Historic Preservation: What I Learned

All across the country, people are marking the end of one of their life’s chapters and starting a new one. Graduation!

We were up in Tuscaloosa this past weekend, when every possible hotel room and parking space seemed filled by folks looking to wish this new cohort well as they matriculated from the University of Alabama. But last week, here in Montgomery, a small group of people not bound by any school affiliation gathered at City Hall for another type of graduation ceremony. We were proud of our accomplishments, and the achievement was all the sweeter for not having required intro biology or a randomly assigned roommate. Also there was a gigantic, delicious strawberry cake.

We were part of the city’s inaugural Historic Preservation Leadership Class. Over these last few months, we met weekly to learn about topics like city history and preservation law. Though our classes were mostly at Huntingdon, we did have two field trips – the last to historic Oakwood Cemetery.

The city’s historic preservation coordinator, the heroic Christy Anderson, was the main organizer of the program, reminding us to bring umbrellas and taking attendance. She did seem to be getting help from all kinds of folks along the way, including a number of businesses who sponsored the program. We’re also fortunate that our city has someone like Anderson on staff, reminding us of the shared experiences that bind us together.

Tuition was an absolute bargain at only $25. Heck, the swag bag we got at the first class was worth way more than that – it had TWO hardback books full of color pictures and all kinds of goodies. We also got T-shirts, and there was even barbecue to eat by Hank’s grave after our Oakwood tour. It would be a good deal at more than twice the price. But it was clear that one goal of the program was to make historic preservation accessible and interesting to everyone, not just old house types like me.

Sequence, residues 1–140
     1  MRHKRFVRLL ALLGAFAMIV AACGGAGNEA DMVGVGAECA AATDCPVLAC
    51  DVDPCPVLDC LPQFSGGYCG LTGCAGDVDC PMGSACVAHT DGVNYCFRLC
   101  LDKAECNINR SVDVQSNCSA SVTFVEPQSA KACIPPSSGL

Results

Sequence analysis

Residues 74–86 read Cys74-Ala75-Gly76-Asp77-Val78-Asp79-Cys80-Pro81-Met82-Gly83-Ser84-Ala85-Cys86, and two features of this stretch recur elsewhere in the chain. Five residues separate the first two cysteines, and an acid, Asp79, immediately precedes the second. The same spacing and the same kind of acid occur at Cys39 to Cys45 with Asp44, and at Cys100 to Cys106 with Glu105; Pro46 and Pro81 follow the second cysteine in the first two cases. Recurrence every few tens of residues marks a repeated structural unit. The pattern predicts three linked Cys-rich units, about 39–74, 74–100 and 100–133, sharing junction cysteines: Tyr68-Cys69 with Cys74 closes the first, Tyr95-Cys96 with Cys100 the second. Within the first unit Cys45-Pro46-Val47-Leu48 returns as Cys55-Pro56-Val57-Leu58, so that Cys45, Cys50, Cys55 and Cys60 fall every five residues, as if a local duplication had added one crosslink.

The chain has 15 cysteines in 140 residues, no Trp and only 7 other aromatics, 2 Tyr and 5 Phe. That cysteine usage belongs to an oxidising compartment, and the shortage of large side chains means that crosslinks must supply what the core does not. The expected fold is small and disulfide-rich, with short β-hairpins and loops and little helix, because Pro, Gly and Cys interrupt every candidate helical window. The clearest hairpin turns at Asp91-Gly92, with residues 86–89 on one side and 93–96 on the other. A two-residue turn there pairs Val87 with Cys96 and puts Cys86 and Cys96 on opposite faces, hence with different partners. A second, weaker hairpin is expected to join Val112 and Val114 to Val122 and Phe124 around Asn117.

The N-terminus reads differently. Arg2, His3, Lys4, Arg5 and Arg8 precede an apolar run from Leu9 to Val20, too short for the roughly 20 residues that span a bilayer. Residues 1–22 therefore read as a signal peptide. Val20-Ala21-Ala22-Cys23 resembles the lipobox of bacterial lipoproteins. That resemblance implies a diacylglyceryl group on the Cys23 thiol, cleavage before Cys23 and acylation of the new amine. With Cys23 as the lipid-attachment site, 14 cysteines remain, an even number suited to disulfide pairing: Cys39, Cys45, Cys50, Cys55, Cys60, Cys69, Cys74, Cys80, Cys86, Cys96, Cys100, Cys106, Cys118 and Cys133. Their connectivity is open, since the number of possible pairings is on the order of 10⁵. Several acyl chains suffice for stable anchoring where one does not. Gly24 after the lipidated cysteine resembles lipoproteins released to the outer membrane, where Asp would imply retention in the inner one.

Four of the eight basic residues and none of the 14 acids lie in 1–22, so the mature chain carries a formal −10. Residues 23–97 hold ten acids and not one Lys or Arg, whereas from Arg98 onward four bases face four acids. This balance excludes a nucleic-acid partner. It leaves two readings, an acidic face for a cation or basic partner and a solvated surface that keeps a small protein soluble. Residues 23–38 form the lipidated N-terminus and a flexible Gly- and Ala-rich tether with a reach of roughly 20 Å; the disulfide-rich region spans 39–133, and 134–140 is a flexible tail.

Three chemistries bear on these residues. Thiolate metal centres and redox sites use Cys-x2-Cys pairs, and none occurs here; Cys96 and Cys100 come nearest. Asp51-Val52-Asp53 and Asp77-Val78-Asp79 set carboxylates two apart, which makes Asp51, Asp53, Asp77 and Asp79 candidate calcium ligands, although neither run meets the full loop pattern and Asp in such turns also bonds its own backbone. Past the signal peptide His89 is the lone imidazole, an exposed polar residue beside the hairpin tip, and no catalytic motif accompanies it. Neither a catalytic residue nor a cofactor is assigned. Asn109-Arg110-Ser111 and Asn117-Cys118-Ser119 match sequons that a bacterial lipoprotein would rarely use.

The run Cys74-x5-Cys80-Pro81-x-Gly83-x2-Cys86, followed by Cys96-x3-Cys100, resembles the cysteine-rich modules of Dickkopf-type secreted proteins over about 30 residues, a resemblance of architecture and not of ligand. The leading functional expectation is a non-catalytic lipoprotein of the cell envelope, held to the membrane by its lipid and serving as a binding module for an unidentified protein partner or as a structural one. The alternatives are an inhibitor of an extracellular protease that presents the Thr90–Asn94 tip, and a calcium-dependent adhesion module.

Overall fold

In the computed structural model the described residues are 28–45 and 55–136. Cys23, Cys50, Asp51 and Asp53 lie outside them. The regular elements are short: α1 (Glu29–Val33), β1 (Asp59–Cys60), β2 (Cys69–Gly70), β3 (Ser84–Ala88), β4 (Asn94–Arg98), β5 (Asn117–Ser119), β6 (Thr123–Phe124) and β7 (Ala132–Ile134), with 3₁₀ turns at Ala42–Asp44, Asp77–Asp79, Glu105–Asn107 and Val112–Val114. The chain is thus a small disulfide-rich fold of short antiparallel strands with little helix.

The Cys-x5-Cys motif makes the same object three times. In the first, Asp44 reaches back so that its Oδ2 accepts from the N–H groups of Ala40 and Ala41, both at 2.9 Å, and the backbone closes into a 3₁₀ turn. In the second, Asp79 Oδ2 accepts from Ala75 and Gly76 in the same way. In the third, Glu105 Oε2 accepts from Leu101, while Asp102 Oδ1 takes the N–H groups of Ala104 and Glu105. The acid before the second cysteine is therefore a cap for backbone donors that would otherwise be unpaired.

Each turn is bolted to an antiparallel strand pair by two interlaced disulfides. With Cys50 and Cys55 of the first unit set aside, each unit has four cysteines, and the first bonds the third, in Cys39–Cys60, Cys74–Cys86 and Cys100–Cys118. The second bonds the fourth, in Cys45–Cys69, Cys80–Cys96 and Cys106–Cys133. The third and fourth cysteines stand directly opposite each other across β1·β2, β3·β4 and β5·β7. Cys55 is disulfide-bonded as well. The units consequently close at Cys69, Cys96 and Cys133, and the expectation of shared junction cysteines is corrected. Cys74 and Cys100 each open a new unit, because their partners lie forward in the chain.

And there was a lot of useful information along the way. For example, if you’ve never seen Dr. Richard Bailey talk about Montgomery history, you’re really missing out. These are not boring academic lectures. He absolutely glows with his love of the city while displaying an astonishing knowledge of local history. Thanks to him, I finally understand why the streets downtown are at such weird angles.


If you’ve ever been to a city that hasn’t done a good job of preserving its historic buildings, you’ll especially appreciate the time and energy and effort that it takes for Montgomery to retain its flavor. Support of programs like this leadership class by municipal leadership is a great way to underscore the ongoing task ahead of us all.

I will always regret not taking an Oakwood Cemetery tour with Mary Ann Neeley when she was still alive. But her grandson is working on his tour guide chops, and thanks to him I know a good bit more about the place than I did before. It’s a great place to wander around, but with someone there to help unlock the history, the experience takes on a whole new dimension and you really begin to appreciate the fabric of the city we live in. Also I got to take our dog with me to class that day!

I won’t give away all of the things I learned during my enrollment in the class. You’ll have to register for the next class and see for yourself. If you are even casually interested in history, it’s incredible added value to living here. They’re going to make it an annual event and plan to change the program up every year. I hope that they keep serving strawberry cake.

Kate and Stephen are Midtown residents with two cats, a dog, eleven fish, a garden, an old house and a sense of adventure. They write about life in Midtown here and about life in Montgomery at their blog Lost in Montgomery.


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  1. CAROLE A KING says:

    It was an awesome seminar. Thanks to Christy Anderson and the Historic Preservation Commission along with the community sponsors for this excellent educational opportunity!

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